This week’s visit to Red Boiling Springs, a historic mineral springs resort approximately two hours from Nashville in the Upper Cumberland region, got me thinking about heritage tourism in a new way. More specifically, it is making me consider how my experience differs whether I visit a site in a professional capacity as a historian or as a casual tourist.
As a historian, I actively seek out information from a variety of sources. I take loads of high definition photos (buildings, signs and landscapes), gather up any printed material available on site, visit the local library if time permits, and ask numerous questions of everyone I meet. Like a sponge, I soak up information and atmosphere in equal parts. I am energized by being in the field and cannot wait to get back to my desk to get to work.
The first step is always downloading the photos and picking out the best ones to share with family and friends over email and Facebook. They provide a taste of the site and my point of view – what struck me as representative, beautiful, odd and/or dramatic. The photos answer the question, in visual terms, how was your day and what were you up to? I can tell you right now that if I was in the field it was a GREAT day and that I saw something new and unexpected. Looking through the photos lets me relive the experience and be thankful for a profession that requires field work. It sure beats a desk job!
The next steps are focused on research. I typically start with the photos. My camera captures details that I miss both large and small. I return to the photos throughout the process. Then I will review the material collected at the site, read through the National Register nomination, do an Internet search – Wikipedia, site’s website, tourism material etc.. – and keyword search on library databases. Many questions will surface and a list of sources to examine in further detail will be generated. Depending on the purpose of the project, I will draft papers, reports and/or powerpoint presentations. The process from start to finish is deeply satisfying but requires a large investment in time and energy.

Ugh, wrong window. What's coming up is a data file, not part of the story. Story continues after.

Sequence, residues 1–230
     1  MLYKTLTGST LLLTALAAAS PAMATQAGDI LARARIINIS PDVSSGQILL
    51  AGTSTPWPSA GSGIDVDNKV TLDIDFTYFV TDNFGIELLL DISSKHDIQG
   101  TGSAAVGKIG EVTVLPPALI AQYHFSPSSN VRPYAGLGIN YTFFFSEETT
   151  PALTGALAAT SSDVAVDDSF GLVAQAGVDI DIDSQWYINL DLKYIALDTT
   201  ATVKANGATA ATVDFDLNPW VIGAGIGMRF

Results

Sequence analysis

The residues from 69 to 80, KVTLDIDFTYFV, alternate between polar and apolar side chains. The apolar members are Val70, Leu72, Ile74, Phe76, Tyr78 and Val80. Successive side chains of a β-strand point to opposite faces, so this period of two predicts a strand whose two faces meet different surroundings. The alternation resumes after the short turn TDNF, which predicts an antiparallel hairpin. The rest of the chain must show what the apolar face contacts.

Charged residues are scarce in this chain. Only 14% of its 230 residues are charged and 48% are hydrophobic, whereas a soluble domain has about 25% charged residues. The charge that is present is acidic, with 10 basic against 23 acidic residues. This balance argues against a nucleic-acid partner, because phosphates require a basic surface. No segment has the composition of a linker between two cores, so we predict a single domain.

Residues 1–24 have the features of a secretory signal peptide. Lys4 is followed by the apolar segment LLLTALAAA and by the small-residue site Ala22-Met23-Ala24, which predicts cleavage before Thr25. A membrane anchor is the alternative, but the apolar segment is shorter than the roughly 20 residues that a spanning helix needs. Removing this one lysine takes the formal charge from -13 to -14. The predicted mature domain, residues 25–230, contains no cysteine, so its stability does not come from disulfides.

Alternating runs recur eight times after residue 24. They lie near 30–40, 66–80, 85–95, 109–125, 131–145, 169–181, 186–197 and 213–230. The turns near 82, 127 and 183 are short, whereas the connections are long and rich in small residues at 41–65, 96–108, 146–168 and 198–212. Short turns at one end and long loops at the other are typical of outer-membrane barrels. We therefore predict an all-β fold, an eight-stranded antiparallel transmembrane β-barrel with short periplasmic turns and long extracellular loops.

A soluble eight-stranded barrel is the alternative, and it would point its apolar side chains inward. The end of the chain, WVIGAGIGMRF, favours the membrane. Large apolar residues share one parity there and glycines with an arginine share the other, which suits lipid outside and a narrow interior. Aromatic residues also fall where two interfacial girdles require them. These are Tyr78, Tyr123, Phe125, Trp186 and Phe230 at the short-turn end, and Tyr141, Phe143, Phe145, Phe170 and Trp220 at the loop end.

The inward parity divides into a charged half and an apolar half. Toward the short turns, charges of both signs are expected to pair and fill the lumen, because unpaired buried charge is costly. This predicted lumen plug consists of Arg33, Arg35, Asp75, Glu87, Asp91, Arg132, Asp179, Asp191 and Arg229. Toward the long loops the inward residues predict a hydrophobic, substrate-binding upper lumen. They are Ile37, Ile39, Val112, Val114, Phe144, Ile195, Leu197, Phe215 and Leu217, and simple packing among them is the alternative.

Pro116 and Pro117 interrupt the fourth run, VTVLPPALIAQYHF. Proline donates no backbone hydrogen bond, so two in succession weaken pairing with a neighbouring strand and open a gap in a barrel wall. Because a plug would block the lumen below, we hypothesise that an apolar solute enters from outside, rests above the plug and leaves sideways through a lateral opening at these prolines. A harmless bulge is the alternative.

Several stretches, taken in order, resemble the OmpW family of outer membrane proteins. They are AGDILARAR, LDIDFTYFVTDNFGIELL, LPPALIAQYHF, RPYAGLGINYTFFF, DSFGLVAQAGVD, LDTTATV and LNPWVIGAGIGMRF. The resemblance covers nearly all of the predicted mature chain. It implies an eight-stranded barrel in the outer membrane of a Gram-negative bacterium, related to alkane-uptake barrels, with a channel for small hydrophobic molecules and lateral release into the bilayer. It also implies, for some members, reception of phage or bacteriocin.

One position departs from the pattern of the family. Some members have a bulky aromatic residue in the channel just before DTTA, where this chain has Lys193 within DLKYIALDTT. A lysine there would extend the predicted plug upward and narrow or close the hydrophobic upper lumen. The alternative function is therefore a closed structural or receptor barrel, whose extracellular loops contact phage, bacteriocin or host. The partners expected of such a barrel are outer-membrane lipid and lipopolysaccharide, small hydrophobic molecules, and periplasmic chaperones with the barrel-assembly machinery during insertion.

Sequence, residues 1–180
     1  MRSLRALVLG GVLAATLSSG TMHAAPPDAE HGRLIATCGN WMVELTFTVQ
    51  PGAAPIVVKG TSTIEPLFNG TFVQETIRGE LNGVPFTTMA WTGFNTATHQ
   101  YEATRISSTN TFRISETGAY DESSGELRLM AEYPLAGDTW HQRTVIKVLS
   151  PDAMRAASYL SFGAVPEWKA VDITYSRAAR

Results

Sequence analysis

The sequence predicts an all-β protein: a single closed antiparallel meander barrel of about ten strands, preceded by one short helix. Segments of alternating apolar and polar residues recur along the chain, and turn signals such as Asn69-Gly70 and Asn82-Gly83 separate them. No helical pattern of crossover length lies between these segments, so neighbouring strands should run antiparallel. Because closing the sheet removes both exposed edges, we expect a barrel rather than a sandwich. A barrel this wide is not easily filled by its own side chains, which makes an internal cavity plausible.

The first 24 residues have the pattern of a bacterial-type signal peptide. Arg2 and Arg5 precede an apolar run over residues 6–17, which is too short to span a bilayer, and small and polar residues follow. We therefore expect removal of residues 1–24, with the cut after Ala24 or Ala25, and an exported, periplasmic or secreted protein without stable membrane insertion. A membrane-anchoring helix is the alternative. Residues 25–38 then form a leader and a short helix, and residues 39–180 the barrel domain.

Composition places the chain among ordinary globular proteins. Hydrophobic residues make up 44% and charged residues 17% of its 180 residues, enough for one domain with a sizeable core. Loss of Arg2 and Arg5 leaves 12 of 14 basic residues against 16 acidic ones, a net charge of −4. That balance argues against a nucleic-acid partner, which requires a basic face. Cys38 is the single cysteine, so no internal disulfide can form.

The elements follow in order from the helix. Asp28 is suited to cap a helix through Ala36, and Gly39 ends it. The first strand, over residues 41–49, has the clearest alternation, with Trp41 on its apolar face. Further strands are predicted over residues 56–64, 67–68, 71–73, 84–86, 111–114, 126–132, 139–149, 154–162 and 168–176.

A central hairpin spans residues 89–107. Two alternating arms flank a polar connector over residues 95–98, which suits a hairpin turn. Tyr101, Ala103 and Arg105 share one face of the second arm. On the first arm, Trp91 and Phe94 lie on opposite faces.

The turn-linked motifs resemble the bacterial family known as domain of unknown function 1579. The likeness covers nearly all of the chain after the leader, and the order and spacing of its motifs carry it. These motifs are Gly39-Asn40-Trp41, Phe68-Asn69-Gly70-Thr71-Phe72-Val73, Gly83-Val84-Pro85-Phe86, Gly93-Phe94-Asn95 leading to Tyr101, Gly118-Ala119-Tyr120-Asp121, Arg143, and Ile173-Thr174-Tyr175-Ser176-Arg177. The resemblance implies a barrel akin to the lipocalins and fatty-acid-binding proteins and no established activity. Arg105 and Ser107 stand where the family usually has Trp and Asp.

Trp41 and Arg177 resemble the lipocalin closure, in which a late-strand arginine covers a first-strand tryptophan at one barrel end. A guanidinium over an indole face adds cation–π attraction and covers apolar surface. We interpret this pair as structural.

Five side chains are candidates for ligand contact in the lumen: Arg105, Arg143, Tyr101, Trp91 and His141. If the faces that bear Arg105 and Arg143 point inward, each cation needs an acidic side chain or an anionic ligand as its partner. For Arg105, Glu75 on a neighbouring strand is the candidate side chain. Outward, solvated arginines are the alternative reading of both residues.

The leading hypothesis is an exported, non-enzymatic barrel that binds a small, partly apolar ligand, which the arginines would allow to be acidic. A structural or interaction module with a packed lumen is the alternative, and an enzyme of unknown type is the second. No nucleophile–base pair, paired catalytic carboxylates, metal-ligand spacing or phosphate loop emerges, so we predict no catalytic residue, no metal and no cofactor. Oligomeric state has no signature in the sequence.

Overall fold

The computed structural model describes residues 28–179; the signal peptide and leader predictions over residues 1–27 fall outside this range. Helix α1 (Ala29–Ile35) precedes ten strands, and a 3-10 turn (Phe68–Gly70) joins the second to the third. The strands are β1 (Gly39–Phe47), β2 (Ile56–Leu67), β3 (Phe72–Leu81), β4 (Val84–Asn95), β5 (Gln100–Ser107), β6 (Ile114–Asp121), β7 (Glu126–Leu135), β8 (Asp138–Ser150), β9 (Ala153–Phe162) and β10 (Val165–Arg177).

On reflection, I see that as a tourist I approach a historic site in a very different manner. I am a relatively passive consumer. I will read what’s put in front of me, whether that be an interpretive panel or brochure, and take a tour but will not seek out additional information. A series of related questions come to mind.
How can a historic site convert casual observers into students of history who are energized and excited by what is in front of them? What tools can help tourists engage with the place and celebrate its unique history and culture? What questions can a site ask that will encourage tourists to seek out additional information after they leave. These questions and more will be explored in coming posts.